Spiritual growth is intentional. Spiritual growth is not accidental. You must intend to grow; you must make a choice to grow. …
Spiritual growth is incremental. We know it’s true in physical growth—why not in spiritual? We know that children grow through developmental stages: First they learn to breathe, then they learn to eat. Then they learn to walk. Then they learn to talk. No child has ever taken those steps out of order. They are developmental steps.
The same is true in your spiritual life. The order … is all about helping people grow closer and closer to Christ: knowing Christ, then loving Christ, then growing in Christ, then serving Christ, then sharing Christ. Those are the systematic steps to spiritual growth.
Spiritual growth is personal. You cannot mass-produce disciples, because everybody is different. There is no one-size-fits-all for spiritual growth. To be a disciple is to be a learner—that’s the literal meaning of the word “disciple.” Because we are all different, we all learn differently. For instance, some learn best by listening, others by reading, some by discussing, and others by doing a project. …
Spiritual growth is practical. God gives us practical ways to participate in the growth that he is building. One of the goals of the church is to help people grow by developing good spiritual habits. ...
For instance, we encourage the habit of spending time with God every day. Prayer is also a spiritual habit. Bible study is a spiritual habit. Tithing and attending a small group are spiritual habits. In the end, we will become whatever we habitually do. To try to be a disciple of Jesus without developing disciple habits is simply impossible.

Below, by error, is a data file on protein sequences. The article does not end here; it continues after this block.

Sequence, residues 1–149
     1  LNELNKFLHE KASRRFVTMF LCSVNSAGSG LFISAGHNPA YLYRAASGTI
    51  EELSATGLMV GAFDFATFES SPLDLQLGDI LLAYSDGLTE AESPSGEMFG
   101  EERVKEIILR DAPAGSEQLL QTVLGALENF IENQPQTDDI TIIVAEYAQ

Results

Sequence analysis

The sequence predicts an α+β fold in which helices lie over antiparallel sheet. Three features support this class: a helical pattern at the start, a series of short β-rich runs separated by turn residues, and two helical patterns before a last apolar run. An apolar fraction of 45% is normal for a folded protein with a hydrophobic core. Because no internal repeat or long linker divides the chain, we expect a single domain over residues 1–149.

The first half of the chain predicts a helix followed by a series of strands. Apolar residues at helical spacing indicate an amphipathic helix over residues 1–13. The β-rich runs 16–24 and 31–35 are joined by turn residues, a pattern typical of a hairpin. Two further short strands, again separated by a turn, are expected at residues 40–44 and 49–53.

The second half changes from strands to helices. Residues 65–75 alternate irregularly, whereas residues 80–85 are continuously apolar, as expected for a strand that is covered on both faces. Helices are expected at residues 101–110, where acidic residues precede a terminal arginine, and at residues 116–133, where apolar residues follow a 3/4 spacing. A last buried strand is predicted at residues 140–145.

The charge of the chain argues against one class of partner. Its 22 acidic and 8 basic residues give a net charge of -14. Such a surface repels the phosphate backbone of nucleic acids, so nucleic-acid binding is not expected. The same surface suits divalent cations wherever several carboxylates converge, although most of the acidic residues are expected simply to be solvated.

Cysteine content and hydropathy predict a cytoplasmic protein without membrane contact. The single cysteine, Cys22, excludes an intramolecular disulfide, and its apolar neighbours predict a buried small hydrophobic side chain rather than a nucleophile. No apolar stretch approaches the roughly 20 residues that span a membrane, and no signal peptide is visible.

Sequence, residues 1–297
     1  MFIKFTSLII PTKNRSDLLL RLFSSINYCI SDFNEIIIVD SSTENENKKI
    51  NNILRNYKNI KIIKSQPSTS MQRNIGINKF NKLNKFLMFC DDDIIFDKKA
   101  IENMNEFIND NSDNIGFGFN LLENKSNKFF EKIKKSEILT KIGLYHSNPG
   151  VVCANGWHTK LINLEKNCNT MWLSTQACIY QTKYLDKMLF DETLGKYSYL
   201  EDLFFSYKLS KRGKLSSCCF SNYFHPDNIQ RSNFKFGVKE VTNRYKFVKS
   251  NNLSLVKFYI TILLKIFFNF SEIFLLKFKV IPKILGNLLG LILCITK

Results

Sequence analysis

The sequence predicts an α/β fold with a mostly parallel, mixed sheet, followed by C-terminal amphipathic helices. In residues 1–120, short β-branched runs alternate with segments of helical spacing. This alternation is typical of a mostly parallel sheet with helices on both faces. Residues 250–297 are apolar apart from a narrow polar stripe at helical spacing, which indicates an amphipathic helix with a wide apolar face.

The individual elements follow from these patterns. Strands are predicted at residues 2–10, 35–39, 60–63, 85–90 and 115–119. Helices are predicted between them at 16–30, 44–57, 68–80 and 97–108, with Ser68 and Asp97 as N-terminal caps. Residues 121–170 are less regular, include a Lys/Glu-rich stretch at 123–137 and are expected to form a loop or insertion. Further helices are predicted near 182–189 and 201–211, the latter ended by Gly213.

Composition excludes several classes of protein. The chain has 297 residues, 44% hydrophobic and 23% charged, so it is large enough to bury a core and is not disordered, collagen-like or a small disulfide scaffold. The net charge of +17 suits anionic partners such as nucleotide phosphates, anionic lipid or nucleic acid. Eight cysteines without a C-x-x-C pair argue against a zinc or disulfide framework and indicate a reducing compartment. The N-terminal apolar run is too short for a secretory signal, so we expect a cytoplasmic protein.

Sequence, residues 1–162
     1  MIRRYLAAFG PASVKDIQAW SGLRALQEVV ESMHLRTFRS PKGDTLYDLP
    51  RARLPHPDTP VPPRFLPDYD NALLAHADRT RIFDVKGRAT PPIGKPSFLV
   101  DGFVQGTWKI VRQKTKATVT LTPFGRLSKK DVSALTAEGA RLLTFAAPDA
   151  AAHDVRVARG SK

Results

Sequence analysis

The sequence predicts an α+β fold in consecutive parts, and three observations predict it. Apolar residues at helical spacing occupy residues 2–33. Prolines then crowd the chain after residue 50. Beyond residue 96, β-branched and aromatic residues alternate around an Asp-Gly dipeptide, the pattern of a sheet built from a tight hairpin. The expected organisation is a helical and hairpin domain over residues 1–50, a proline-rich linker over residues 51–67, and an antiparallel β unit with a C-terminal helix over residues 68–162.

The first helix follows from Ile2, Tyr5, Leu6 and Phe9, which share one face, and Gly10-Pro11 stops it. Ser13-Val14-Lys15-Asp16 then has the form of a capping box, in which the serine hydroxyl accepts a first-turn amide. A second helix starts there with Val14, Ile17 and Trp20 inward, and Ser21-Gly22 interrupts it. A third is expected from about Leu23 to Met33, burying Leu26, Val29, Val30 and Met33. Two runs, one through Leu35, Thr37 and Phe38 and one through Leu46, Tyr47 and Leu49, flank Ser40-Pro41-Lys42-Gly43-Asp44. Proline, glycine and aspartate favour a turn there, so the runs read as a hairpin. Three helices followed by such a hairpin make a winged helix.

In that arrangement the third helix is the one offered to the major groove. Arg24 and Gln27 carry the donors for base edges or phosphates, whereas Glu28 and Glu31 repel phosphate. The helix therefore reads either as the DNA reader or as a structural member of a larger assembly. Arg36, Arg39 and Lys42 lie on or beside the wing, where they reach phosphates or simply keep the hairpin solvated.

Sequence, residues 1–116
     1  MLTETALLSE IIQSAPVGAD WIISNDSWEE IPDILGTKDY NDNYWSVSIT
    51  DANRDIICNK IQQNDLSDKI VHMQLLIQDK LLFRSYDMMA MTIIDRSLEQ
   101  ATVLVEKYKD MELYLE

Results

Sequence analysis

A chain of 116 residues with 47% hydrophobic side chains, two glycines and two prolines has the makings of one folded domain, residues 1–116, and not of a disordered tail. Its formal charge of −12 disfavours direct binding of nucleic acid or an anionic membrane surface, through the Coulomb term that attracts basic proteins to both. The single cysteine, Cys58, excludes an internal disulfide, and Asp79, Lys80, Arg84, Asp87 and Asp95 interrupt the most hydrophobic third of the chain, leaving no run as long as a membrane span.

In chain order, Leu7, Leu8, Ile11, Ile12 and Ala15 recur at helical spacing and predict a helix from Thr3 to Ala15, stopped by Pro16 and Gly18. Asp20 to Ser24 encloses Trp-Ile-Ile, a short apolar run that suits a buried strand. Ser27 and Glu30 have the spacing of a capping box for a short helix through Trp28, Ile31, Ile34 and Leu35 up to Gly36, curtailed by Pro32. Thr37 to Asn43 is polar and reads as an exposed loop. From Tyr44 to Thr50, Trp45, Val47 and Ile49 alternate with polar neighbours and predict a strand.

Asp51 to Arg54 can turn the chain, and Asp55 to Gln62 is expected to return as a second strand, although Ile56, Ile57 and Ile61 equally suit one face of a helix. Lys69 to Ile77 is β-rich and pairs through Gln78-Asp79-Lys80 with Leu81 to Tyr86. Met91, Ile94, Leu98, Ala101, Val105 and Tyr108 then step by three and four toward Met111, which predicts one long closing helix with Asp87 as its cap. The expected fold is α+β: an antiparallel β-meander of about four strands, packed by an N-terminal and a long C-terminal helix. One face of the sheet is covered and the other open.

Spiritual growth is relational. We only grow in community with others. ... The Bible says in Hebrews 10:24–25, “Let us think of ways to motivate one another to acts of love and good works. And let us not neglect our meeting together, as some people do, but encourage one another.”
Spiritual growth is multi-dimensional. We have learned it takes all five purposes to grow. We are to grow warmer through fellowship, deeper through discipleship, stronger through worship, broader through ministry, and larger through mission. …
Spiritual growth is seasonal. Nobody grows at a constant pace all the time. ... Some of you are going through a winter: “I just don’t feel like I’m growing much right now, even though I’m doing the right things to grow.” That’s okay. It’s part of life. In fact, there are some things that happen in winter that don’t happen in spring and summer. You deepen your roots in fall and winter for the next spring when you will have the next stage of growth and fruit.
Spiritual growth is incarnational. The final truth is that growth is not about what you can accomplish; rather, it’s about the person of Jesus Christ living inside you. Galatians 2:20 says, “My old self has been crucified with Christ. It is no longer I who live, but Christ lives in me. So I live in this earthly body by trusting in the Son of God, who loved me and gave himself for me.”
The goal of the Christian life is to live like Jesus. But it’s not you trying to be like Jesus; it’s trusting Jesus to live inside of you. The secret of the Christian life is not imitation but incarnation—letting Christ live through you. Nobody can live like Jesus better than Jesus!—Tom Holladay1
God watched His Son as He grew from a baby in a manger to a man on a mission. And when Jesus was baptized, He came down like a dove to say, “You are my Son, whom I love; with you I am well pleased” (Luke 3:22).
Just as God watched Jesus grow, He’s watching you too. He’s watching you grow in wisdom as you learn from His Word. He’s watching you grow stronger as you trust Him to strengthen you. As you grow, your proud Papa, your Abba, says, “You are my child whom I love; with you I am well pleased.”—Tama Fortner
Published on Anchor April 2023. Read by Jerry Paladino.